Emily Kame Kngwarreye (1910–1996) was in her late 70s when she was introduced to acrylic paint and began painting in earnest. For the next eight years until her death she painted over 3,000 canvases – roughly one painting per day. Her work erupted into the art market in the late 1980s with huge success, aiding in raising global awareness of contemporary Australian indigenous art, which the art critic Robert Hughes hailed as ‘the last great art movement of the 20th century’.
Over the past 30 years, Kngwarreye’s art has been considered in terms of both Western abstract art and Eastern aesthetics. Some have compared her work stylistically to artists such as Jackson Pollock, Willem de Kooning and Mark Rothko. The layering of repeated dots across lines of colour in the painting Untitled 1990 in Tate’s collection, for example, seemingly resonates with the technical and colouristic approaches of these abstract expressionists. Her 2008 solo exhibition Utopia: The Genius of Emily Kame Kngwarreye, meanwhile, broke records for audience numbers in Japan – surpassing the previous record-holder, an Andy Warhol exhibition held over ten years previously – and inspired comparisons between her work and Eastern calligraphy. Anwerlarr anganenty (Big yam Dreaming) 1995, for instance, with its thick white lines against a bold black background, seemingly inverts the visual language of Japanese calligraphy.
These conceptual and aesthetic approaches, however, belie some of the fundamental complexities of how uninitiated people grapple with Kngwarreye’s art, since its meaning will forever be elusive to those outside her culture. Kngwarreye belonged to the Anmatyerre people, one of the 500 different language groups of Aboriginal or Torres Strait Islander nations. As an Anmatyerre elder, Kngwarreye was a custodian of women’s Dreaming sites in Alhalkere in the Utopia region, which is about 250 kilometres north of Uluru in the centre of Australia. Her painting practice was the artistic expression of this role, containing stories that only those who have been initiated through Anmatyerre ceremony can know.
For non-indigenous people, we might understand the Dreaming as the story of the interrelationship between Aboriginal and Torres Strait Islander ancestral spirits, people, animals, plants and the land. Each person and his or her life is part of the Dreaming. It is not based on a chronology but is continuous and ever-present – being created now and incorporating the future. First Nation Australians have described this unique concept of time as ‘Everywhen’. The Dreaming is told through language, art, ceremony and songs and speaks to Aboriginal and Torres Strait Islanders’ history, which reaches back at least 65,000 years. These are the longest-living continuous cultures in the world and the Dreaming carries the stories of these cultures.
Kngwarreye’s painting developed through the ceremonial communication of the Dreaming. Her style is drawn from the body markings used in the Anmatyerre women’s ceremony called Awelye. During Awelye, Anmatyerre women paint Dreaming designs on their chests and shoulders using ground ochre, charcoal and ash – directly applying country to their bodies. As they paint these designs, they chant their Dreaming, which can last for hours, culminating in a final dance and chant. During the late 1970s, Anmatyerre women performed Awelye to demonstrate their ownership of territories, stories and Dreamings, which played a critical role in reclaiming their rights to the land.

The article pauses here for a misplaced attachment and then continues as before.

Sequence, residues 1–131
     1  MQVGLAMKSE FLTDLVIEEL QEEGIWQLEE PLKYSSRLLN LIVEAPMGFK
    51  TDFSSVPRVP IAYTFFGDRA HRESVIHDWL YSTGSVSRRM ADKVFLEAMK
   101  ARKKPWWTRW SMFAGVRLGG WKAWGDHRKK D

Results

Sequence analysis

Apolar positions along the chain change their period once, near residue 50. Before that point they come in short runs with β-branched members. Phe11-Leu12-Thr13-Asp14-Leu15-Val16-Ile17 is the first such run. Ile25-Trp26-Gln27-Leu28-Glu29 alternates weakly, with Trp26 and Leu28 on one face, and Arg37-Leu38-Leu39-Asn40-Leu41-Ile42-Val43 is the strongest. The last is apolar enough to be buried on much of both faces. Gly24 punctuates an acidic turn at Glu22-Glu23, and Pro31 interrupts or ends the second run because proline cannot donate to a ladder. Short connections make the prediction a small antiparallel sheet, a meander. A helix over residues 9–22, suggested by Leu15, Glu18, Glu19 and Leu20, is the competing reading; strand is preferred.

Following the passing of the Aboriginal Land Rights Act 1976, Kngwarreye and the Anmatyerre community returned to their ancestral homelands and continued to live according to the laws and customs of the clan. The following year, Kngwarreye and other artists formed the Utopia Women’s Batik Group, whose members developed techniques to reimagine Awelye body painting into batik decoration on silk. Kngwarreye continued to paint Awelye designs after she and the other Utopian artists started using acrylic paint on canvas in the late 1980s, as exemplified by Untitled (Alhalkere) 1989. The marks that form the characteristic ‘dots within dots’ style in the painting represent seeds found in Alhalkere, the colours reflect seasonal changes, while the patterns contain stories hidden from the uninitiated. Kngwarreye painted Untitled (Alhalkere) on stretched canvas laid flat on the ground, sitting on the earth alongside her kin. She rarely left the land of which she was a custodian until her death in 1996.
Undoubtedly, artistic developments of the 20th century, including modernism, have been crucial in how global audiences have approached Kngwarreye’s work. While it remains a deeply problematic continuation of Western cultural domination in Australia, modernism offers one stylistic lens through which to appreciate Kngwarreye’s work. Meanwhile, postmodernism’s assertion of multiple worldviews allows the possibility of appreciating Kngwarreye’s work in a way that acknowledges diverse cultural references. It is within this context that her work was included in Okwui Enwezor’s 56th Venice Biennale in 2015 and also appears in the collection of the late American artist Sol LeWitt – a testament to the global reach of her influence, as well as the growing knowledge, awareness and appreciation of Kngwarreye’s fierce assertion of her culture.
Emily Kame Kngwarreye’s Untitled (Alhalkere) 1989, Endunga 1990 and Untitled 1990 were purchased with funds provided by Lady Sarah Atcherley in honour of Simon Mordant in 2019 and are on display as part of A Year in Art: Australia 1992, Tate Modern, from 15 February.